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In 'Creature Comfort,' Arcade Fire Drowns In The Din Of Modern Life

On July 28, Arcade Fire returns with Everything Now, its fifth studio album and first since 2013's Reflektor. Everything Now's title track, released two weeks ago, suggested that the record would mix stormy, danceable synth-pop with bleak reflections on a world in which instant gratification and hyper-connectedness come together to make everyone miserable.

With the release of "Creature Comfort," Everything Now's overall vision is becoming clearer — and, like its predecessor, it fits cleanly into a concept-album narrative about unrealistic expectations, pressure to conform, and the exhausting din of modern life. With the band looking glum but resplendent in silver suits, the video for "Creature Comfort" clarifies that vision with the help of a lyric sheet that scrolls by via ticker.

"God, just make me famous / If you can't, just make it painless," Win Butler sings, concisely summing up a widespread societal pursuit of both outsize success and numbing distraction. Like "Everything Now," in which the world's deluge of noise and information makes a comfortable existence near-impossible, "Creature Comfort" keeps coming back to a lament about the noisy pressure of it all: "It goes on and on, I don't know what I want / On and on, I don't know if I want it."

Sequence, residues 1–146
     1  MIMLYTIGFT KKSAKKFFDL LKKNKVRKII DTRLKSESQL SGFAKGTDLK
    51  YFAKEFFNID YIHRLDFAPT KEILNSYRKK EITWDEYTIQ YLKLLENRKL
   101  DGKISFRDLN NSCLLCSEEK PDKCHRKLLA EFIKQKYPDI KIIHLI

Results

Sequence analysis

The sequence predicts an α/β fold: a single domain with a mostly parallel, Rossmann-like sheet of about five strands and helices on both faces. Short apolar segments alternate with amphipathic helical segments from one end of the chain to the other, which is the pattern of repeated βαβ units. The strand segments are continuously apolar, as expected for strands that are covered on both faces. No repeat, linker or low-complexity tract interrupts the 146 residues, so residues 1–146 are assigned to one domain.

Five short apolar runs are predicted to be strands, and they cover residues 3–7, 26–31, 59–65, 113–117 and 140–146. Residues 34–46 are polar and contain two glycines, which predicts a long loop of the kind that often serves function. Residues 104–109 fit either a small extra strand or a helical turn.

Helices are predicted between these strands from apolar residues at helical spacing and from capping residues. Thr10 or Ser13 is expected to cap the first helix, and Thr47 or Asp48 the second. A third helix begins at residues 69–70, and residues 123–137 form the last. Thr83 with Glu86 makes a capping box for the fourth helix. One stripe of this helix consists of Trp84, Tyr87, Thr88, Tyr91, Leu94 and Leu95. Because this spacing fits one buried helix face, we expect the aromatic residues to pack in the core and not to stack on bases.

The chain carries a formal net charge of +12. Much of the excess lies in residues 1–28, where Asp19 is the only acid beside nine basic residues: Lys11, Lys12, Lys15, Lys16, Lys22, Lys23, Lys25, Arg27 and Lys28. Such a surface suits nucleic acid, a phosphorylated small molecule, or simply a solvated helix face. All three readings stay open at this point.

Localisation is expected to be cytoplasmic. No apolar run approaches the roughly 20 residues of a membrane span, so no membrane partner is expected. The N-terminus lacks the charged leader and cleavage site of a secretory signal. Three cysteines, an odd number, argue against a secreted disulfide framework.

Everything Now comes out July 28 via Columbia.

Copyright 2021 NPR. To see more, visit https://www.npr.org.

Stephen Thompson is a writer, editor and reviewer for NPR Music, where he speaks into any microphone that will have him and appears as a frequent panelist on All Songs Considered. Since 2010, Thompson has been a fixture on the NPR roundtable podcast Pop Culture Happy Hour, which he created and developed with NPR correspondent Linda Holmes. In 2008, he and Bob Boilen created the NPR Music video series Tiny Desk Concerts, in which musicians perform at Boilen's desk. (To be more specific, Thompson had the idea, which took seconds, while Boilen created the series, which took years. Thompson will insist upon equal billing until the day he dies.)